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She replies, in accents fainter,
* There is none I love like thee.' He is but a landscape-painter,
And a village maiden she. He to lips, that fondly falter,
Presses his without reproof : Leads her to the village altar,
And they leave her father's roof. 'I can make no marriage present :
Little can I give my wife.
And I love thee more than life.'
See the lordly castles stand :
Made a murmur in the land.
Says to her that loves him well,
Where the wealthy nobles dwell.' So she goes by him attended,
Hears him lovingly converse, Sees whatever fair and splendid
Lay betwixt his home and hers ; Parks with oak and chestnut shady,
Parks and order'd gardens great,
Built for pleasure and for state.
Evermore she seems to gaze
days. O but she will love him truly !
He shall have a cheerful home; She will order all things duly,
When beneath his roof they come. Thus her heart rejoices greatly,
Till a gateway she discerns With armorial bearings stately,
And beneath the gate she turns ; Sees a mansion more majestic
Than all those she saw before :
Many a gallant gay domestic
Bows before him at the door. And they speak in gentle murmur,
When they answer to his call,
Leading on from hall to hall.
Nor the meaning can divine,
All of this is mine and thine.' Here he lives in state and bounty,
Lord of Burleigh, fair and free,
Is so great a lord as he.
Her sweet face from brow to chin :
And her spirit changed within. Then her countenance all over
Pale again as death did prove : But he clasp'd her like a lover,
And he cheer'd her soul with love. So she strove against her weakness,
Tho' at times her spirit sank : Shaped her heart with woman's meek
To all duties of her rank : And a gentle consort made he,
And her gentle mind was such That she grew a noble lady,
And the people loved her much. But a trouble weigh'd upon her,
And perplex'd her, night and morn, With the burthen of an honour
Unto which she was not born. Faint she grew, and ever fainter,
And she murmur'd, 'Oh, that he Were once more that landscape-painter,
Which did win my heart from me!' So she droop'd and droop'd before him,
Fading slowly from his side: Three fair children first she bore him,
Then before her time she died.
SIR LAUNCELOT AND QUEEN GUINEVERE.
SIR LAUNCELOT AND QUEEN
LIKE souls that balance joy and pain,
In crystal vapour everywhere
From draughts of balmy air.
Her face was evermore unseen,
And fixt upon the far sea-line ;
Like Fancy made of golden air,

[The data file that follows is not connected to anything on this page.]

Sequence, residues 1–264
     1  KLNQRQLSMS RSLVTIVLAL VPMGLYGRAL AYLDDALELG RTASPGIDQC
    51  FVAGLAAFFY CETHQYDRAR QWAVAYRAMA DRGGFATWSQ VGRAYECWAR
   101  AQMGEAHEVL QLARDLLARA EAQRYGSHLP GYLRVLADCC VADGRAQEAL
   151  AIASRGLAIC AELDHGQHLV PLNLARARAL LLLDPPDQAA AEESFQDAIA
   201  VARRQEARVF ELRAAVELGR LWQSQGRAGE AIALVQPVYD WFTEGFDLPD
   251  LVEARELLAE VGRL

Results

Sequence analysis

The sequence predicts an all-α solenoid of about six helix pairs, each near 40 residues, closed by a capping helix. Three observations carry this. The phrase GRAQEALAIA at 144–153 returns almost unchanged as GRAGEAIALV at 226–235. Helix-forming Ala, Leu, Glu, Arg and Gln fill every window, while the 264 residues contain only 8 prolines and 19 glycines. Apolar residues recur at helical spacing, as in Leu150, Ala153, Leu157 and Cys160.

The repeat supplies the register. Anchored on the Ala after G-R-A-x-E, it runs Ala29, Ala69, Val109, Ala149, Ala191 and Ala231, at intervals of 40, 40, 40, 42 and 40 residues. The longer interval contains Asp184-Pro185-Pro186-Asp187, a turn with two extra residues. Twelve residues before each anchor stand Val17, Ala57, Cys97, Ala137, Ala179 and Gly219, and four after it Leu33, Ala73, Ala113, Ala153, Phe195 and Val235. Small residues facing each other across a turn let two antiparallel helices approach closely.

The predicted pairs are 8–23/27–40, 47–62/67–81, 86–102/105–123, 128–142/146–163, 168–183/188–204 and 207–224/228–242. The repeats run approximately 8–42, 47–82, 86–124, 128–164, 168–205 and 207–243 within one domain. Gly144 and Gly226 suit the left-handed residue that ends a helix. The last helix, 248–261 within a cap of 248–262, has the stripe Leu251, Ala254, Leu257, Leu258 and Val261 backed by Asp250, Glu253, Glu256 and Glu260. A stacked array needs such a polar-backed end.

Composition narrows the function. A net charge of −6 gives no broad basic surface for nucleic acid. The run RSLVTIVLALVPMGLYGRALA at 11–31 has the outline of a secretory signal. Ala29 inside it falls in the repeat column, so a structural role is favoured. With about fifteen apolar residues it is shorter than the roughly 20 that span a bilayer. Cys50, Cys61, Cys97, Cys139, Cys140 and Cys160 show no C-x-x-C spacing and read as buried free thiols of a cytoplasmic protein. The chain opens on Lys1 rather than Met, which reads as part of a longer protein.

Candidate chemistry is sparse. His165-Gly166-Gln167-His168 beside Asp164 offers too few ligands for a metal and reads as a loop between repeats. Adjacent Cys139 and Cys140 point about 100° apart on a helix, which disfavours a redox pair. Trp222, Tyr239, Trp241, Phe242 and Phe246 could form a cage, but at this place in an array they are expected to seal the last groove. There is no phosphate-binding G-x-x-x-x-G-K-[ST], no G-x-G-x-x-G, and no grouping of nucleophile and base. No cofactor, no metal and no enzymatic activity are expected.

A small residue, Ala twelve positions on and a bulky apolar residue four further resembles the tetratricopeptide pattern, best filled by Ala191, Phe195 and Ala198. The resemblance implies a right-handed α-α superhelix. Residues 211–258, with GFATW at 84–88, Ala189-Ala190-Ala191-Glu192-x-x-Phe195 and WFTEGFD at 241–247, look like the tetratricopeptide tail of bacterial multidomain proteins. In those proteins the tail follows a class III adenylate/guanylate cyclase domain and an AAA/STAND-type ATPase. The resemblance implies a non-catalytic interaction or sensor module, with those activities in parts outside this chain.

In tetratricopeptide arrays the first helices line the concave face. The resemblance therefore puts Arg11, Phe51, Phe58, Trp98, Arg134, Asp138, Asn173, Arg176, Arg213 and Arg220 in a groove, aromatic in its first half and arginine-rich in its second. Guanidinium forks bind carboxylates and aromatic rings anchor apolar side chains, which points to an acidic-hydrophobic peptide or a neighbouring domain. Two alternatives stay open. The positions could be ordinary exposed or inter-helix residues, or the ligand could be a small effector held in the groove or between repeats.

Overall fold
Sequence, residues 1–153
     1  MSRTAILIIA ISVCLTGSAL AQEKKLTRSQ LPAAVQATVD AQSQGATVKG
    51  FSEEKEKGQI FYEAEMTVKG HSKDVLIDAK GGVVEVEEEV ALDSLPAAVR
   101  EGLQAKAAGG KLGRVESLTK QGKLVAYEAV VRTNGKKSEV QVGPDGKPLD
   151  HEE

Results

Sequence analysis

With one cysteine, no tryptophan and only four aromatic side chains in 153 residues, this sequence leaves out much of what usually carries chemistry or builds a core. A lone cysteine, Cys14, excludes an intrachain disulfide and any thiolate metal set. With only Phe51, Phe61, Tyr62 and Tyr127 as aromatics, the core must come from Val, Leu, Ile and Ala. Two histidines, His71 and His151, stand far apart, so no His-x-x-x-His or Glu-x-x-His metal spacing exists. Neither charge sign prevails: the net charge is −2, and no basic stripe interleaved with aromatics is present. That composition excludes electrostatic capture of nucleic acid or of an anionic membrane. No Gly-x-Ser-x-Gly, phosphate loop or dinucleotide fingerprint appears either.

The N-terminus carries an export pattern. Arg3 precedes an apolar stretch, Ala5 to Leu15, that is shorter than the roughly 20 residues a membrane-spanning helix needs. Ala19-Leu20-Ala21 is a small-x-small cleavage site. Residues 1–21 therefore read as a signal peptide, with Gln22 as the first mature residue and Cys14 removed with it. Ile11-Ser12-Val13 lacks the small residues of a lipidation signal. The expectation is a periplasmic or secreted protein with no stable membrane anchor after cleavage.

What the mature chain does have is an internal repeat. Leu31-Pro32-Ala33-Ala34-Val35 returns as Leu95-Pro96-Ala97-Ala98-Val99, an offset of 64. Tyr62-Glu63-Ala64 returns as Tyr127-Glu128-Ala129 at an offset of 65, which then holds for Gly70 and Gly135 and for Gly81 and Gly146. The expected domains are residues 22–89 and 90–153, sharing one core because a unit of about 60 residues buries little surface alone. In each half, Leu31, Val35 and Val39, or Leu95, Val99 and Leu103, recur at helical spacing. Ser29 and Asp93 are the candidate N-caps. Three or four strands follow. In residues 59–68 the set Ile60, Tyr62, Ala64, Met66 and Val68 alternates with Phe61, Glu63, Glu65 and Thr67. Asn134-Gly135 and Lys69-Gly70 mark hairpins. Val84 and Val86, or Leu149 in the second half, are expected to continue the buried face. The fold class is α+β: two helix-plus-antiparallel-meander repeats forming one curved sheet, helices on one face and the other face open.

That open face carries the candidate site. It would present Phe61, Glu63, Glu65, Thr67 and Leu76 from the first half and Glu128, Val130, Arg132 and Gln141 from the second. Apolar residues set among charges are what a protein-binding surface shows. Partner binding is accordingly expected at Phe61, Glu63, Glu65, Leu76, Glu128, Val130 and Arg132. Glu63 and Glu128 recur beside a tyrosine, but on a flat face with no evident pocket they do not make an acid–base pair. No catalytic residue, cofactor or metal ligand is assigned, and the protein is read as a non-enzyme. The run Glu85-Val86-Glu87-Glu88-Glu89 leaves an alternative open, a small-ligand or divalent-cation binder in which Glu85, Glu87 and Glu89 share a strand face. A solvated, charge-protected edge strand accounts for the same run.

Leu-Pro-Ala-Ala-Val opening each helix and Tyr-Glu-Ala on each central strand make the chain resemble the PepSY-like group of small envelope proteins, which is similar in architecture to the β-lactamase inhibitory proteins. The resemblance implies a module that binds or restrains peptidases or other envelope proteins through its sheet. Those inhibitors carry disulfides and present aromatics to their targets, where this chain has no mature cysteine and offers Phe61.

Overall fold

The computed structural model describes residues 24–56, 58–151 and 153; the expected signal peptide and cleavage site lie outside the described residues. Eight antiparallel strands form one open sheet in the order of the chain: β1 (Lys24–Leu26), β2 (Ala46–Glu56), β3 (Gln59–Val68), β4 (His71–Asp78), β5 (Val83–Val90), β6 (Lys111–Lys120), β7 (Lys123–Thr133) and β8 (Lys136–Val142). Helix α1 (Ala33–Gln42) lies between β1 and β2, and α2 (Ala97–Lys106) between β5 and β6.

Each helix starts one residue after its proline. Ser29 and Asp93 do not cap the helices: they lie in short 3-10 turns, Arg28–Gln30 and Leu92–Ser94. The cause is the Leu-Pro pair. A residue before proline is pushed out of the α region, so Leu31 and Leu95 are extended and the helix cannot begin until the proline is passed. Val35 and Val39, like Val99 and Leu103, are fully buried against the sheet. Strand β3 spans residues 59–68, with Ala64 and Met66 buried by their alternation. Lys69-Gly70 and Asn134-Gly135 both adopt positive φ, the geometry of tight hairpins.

Like Virtue firm, like Knowledge fair, Now high on waves that idly burst Like Heavenly Hope she crown'd the
sea, And now, the bloodless point reversed, She bore the blade of Liberty.
x. And only one among us—him
We pleased not—he was seldom pleased: He saw not far : his eyes were dim :
But ours he swore were all diseased. *A ship of fools,' he shriek'd in spite,
' A ship of fools,' he sneer'd and wept. And overboard one stormy night He cast his body, and on we swept.
Nor anchor dropt at eve or morn;
But laws of nature were our scorn. For blasts would rise and rave and cease, But whence were those that drove the
For still we follow'd where she led :
And half the crew are sick or dead, But, blind or lame or sick or sound,
We follow that which flies before : We know the merry world is round,
And we may sail for evermore.
Sometimes the linnet piped his song :
By grassy capes with fuller sound
Above the teeming ground.
Then, in the boyhood of the year,
She seem'd a part of joyous Spring :
Closed in a golden ring.
Now on some twisted ivy.net,
And fleeter now she skimm'd the plains
With jingling bridle-reins.
A FAREWELL-THE BEGGAR MAID--THE EAGLE.
Come not, when I am dead,
To drop thy foolish tears upon my grave, To trample round my fallen head,
And vex the unhappy dust thou wouldst
THE BEGGAR MAID. Her arms across her breast she laid ;
She was more fair than words can say : Bare-footed came the beggar maid
Before the king Cophetua. In rcbe and crown the king stept down,
To meet and greet her on her way; It is no wonder,' said the lords,
'She is more beautiful than day.' As shines the moon in clouded skies,
She in her poor attire was seen : One praised her ancles, one her eyes,
One her dark hair and lovesome mien.
There let the wind sweep and the plover cry;
But thou, go by. Child, if it were thine error or thy crime
I care no longer, being all unblest : Wed whom thou wilt, but I am sick of
Time, And I desire to rest. Pass on, weak heart, and leave me where
I lie :
Go by, go by.